I had heard this kind of wisdom often enough before. That God meets us where we really are is, after all, commonplace throughout our journeying. We all know that with our heads, but that evening I suddenly grasped the truth of it with my heart, and that moment of truth brought me a new degree of freedom--just as Jesus had said it would! (134-135)

As we contemplate Silf's words and continue along the path of contemplating the life of Christ, let us ask

*Where am I at this point in my life? Am I stuck in any situations that foster unfreedom and attachment? What does Jesus want to say to me in this situation?

Also, let's just soak in the truth that God meets us where we are in the person of Christ (or if we are not Christian, God meets us where we are in my own spiritual tradition). What does it mean that God does not meet us where we wish we were or where other people think we should be? What does it mean that God meets us where we are? Can we feel the freedom of that? Do we need to ask God for the freedom this truth gives?

Spend some time with the Lord. Perhaps just let the Lord put his arm around your shoulders and let him tell you: "I am here with you now, in the situation you are in now. I do not reject you. I accept you as you are, now!"

What do we want to tell the Lord now?

Consider these truths as we move into the hidden years of Jesus and into his public ministry.

Close with a prayer in your tradition.

Thursday, January 5, 2012

Continuing Along the Path of Phase Two

According to St. Ignatius, the purpose of the Spiritual Exercises is to help the exercitant (retreatant) to make decisions free from disordered attachment. We reflected upon some of this as we meditated upon sin and mimesis in Phase One. We will find that the same theme reemerges in Phase Two, this time within the context of contemplating the life of Christ.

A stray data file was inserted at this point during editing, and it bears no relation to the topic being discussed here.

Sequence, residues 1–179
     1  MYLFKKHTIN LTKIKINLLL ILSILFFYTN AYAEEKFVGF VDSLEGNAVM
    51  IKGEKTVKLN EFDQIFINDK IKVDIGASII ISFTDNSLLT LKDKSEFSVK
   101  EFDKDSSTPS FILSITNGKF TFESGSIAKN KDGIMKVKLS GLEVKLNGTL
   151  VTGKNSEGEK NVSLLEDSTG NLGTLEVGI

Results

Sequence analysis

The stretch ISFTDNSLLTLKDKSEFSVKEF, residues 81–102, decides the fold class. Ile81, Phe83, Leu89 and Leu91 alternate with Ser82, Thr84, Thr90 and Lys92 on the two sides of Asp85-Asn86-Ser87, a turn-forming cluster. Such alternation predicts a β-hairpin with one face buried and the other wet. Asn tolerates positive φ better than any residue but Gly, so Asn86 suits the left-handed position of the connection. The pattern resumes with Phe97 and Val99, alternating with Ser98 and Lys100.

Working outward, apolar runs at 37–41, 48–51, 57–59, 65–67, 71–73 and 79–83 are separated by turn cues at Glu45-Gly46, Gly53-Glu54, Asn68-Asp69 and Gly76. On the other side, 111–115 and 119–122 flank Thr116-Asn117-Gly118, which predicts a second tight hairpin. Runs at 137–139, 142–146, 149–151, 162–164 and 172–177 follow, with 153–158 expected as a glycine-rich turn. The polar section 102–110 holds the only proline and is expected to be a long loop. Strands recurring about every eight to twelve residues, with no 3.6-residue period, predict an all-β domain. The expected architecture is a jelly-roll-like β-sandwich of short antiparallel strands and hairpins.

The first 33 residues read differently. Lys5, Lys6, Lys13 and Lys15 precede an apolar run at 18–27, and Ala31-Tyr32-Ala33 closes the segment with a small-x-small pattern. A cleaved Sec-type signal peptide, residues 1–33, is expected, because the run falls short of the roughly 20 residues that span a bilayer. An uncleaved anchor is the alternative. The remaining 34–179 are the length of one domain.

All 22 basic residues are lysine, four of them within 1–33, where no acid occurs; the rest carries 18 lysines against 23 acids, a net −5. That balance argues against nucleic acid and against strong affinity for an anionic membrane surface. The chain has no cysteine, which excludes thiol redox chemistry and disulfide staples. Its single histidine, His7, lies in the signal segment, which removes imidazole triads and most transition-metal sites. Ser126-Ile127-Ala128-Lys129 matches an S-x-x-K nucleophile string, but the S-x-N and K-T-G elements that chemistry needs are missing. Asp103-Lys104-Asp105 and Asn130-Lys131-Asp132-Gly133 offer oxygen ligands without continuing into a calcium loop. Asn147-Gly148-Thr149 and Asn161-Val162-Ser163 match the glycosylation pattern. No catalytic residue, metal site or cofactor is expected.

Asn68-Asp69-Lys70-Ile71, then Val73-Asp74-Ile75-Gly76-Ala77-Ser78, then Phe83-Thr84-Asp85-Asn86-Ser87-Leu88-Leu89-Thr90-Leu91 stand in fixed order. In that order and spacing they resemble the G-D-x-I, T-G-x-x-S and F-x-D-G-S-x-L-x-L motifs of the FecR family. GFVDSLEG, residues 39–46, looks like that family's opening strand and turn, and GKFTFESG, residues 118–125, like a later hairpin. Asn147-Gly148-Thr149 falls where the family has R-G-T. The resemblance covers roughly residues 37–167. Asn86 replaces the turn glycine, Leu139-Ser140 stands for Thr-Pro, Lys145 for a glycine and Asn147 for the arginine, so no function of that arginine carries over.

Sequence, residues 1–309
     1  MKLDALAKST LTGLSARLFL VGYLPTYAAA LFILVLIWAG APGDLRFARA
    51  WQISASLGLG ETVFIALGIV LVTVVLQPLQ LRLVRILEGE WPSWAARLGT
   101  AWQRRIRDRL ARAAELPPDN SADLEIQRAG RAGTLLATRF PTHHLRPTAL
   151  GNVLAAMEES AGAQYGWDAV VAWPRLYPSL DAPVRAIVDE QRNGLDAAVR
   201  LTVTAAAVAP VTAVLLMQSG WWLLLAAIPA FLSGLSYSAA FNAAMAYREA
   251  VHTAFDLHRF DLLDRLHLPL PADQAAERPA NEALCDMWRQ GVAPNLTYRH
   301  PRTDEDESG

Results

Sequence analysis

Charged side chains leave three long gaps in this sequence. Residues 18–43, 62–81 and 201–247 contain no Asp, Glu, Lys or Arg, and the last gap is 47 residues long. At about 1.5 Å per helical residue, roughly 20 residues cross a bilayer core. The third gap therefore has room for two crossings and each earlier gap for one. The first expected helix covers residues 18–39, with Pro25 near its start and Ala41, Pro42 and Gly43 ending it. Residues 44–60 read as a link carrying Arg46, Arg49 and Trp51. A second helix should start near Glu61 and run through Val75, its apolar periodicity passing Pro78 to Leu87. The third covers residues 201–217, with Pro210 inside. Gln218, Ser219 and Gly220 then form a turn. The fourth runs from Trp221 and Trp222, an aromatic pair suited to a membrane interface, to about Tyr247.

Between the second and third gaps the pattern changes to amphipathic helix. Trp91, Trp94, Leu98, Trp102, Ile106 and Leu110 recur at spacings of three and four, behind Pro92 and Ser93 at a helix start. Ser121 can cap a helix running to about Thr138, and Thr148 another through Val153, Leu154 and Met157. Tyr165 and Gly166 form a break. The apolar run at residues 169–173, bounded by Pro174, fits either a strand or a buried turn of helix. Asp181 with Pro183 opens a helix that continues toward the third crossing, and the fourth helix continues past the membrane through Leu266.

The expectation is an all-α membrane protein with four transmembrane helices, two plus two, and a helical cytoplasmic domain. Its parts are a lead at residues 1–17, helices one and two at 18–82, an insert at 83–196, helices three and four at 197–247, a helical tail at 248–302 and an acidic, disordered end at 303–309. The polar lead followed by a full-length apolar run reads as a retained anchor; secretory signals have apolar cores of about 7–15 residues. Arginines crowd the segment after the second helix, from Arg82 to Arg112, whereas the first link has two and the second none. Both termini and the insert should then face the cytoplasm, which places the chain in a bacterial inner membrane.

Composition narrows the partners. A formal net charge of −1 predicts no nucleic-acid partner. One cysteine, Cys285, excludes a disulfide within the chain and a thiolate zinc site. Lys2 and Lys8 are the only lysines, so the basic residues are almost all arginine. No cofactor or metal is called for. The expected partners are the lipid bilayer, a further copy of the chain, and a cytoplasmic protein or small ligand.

Attachment occurs in a variety of ways, mimesis being one of the most powerful. The genius of Ignatius was his ability to reflect on the nature of attachment and detachment as he contemplated the way of being and teaching of the one whose living was free from attachment and who liberated others from attachment. Consider the case of Matthew, the tax collector, and how the Lord freed him through fellowship.

In this vein, St. Ignatius developed meditations that are not strictly Biblical: meditations like the Two Standards, the Three Kinds of People, and the Three Kinds of Humility. St. Ignatius also developed rules of discernment for this phase and guidelines for making important life decisions.

In all of these meditations, let us pray for the availability to be open to the Lord's insights and to understanding the movements of consolation and desolation. In all of this the Lord is offering to guides us to make truly intentional decisions.

Finally, each of the great religious traditions has methods for reflecting on attachment and detachment. I trust each of us to find the method that best works for us.